The sloped back yard offers a nice lookout to colorful sunsets in the hills across Ascot Hills Park. During the summer, parties in the neighborhood offer a lively soundtrack while we work in the yard. And on July 4, a spectacular display of fireworks appears across the night sky, like it or not.
In 2015 we partnered with the Sacred Place Institute for Indigenous Peoples to add some history of the Gabrieliño/Tongva people. This moment was the beginning of our journey to prioritize indigenous voices and experiences in our garden. The features and educational signage in our garden were created and designed by indigenous people.
Coming back the first spring after planting the hillside, standing amid the forthcoming wild-ness. Seeing the Monardella start to run wild, the deergrass and Leymus start to cascade over pathways, the edges fading, the hillside buzzing with pollinators, the smell of pitcher sage.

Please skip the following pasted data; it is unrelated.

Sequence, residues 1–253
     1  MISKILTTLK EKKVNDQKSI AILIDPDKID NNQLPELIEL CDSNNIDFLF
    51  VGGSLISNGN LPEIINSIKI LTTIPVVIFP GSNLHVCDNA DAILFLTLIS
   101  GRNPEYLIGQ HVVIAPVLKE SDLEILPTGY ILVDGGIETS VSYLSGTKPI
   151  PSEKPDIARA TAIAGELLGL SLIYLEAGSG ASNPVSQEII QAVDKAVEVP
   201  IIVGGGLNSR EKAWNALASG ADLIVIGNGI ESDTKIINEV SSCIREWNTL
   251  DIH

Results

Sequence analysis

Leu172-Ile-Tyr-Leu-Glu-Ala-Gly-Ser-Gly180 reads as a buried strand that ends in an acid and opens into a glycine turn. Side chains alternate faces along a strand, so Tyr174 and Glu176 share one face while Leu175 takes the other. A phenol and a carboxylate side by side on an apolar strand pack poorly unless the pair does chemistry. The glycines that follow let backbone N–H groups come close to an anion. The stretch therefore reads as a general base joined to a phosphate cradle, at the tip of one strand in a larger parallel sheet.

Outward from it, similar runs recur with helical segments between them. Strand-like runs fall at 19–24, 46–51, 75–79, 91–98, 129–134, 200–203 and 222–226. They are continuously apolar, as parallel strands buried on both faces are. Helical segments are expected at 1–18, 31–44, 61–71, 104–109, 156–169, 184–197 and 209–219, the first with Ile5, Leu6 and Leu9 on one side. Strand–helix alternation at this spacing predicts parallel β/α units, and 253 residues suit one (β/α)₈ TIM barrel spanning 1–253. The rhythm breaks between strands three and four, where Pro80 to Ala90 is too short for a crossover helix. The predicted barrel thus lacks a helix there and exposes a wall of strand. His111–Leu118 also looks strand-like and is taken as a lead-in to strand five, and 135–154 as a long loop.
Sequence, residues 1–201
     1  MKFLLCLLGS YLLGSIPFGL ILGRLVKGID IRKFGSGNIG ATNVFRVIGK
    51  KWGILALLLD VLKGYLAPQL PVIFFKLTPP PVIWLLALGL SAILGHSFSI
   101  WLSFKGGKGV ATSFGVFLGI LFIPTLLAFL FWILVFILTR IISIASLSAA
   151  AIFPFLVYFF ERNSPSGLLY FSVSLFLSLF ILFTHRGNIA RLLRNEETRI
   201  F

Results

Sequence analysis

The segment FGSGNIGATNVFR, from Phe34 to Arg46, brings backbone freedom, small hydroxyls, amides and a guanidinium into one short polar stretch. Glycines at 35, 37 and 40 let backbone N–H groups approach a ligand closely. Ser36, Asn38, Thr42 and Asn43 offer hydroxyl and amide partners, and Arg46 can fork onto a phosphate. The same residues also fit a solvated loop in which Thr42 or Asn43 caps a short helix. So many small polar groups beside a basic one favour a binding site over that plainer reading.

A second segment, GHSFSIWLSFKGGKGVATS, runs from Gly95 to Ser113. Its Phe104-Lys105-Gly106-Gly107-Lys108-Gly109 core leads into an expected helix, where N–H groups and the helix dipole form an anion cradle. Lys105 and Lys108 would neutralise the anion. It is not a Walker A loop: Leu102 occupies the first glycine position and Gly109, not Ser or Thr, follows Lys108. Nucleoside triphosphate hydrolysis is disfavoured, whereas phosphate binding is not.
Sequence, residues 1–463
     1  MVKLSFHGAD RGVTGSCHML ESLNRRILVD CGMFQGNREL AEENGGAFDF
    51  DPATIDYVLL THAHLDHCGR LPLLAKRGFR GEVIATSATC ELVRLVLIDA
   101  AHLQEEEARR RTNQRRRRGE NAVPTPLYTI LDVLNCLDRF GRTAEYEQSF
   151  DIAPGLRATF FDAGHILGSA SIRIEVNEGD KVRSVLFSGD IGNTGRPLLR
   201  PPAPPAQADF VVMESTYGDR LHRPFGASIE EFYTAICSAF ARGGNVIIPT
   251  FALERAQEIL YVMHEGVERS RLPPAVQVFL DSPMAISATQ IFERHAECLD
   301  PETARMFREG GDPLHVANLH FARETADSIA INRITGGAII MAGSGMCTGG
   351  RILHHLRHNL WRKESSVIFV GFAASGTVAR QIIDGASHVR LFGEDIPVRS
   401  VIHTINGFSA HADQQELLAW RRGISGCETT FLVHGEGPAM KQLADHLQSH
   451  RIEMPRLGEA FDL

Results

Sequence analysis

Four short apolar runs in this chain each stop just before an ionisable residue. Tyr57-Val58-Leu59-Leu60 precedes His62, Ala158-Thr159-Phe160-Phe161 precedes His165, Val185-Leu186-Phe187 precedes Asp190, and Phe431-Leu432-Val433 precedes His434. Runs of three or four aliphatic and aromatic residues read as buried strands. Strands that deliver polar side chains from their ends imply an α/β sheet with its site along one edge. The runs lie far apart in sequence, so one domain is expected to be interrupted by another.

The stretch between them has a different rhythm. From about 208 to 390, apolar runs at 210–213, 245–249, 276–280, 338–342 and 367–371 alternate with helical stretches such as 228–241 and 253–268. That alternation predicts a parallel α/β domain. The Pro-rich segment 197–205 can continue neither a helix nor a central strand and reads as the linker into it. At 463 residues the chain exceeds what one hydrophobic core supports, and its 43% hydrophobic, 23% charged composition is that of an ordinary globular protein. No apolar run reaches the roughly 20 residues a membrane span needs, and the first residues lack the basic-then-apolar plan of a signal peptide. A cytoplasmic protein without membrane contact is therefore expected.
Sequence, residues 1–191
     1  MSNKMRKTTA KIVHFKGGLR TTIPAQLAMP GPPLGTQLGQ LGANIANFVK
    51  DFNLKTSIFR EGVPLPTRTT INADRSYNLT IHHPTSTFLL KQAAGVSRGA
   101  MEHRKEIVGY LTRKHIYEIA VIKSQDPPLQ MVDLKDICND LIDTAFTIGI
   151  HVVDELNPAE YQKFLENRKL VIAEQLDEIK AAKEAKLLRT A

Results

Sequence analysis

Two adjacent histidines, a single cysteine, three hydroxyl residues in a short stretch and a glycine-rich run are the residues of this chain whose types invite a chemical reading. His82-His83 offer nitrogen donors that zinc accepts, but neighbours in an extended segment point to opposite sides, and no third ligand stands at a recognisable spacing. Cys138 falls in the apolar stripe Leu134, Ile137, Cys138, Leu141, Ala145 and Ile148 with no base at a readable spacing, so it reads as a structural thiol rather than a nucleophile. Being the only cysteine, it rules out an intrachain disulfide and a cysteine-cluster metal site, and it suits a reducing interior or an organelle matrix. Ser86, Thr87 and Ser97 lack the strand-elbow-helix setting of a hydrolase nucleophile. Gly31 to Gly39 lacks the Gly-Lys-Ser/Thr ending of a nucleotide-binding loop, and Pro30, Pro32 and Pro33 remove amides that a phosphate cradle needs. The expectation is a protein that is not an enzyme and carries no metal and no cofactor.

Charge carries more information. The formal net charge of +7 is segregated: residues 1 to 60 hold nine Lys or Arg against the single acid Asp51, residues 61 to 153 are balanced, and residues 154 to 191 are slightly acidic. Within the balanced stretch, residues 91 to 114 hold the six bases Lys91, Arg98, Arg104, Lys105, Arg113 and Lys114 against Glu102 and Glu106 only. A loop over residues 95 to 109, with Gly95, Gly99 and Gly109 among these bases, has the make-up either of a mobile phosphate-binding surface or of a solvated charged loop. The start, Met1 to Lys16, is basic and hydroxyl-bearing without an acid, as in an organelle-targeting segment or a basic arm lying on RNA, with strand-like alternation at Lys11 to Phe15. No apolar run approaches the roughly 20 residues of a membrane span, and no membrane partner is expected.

Watching an immature red-shouldered hawk make a failed hunting attempt at our bird feeder, and then to find a bounty of bugs in the leaf-litter beneath the Abutilon palmeri. Eighty percent of all birds of prey don’t make it to adulthood. Aerial hunting is hard. “Red” found a steady workaround.
LA Native Plant Source
The first time I discovered a humboldt lily blooming after starting it from seed four years earlier, happening upon a single flower with its orange petals and flamboyant maroon spots was like seeing an apparition. Every spring since then, when the first humboldt lily blooms, it still seems otherworldly.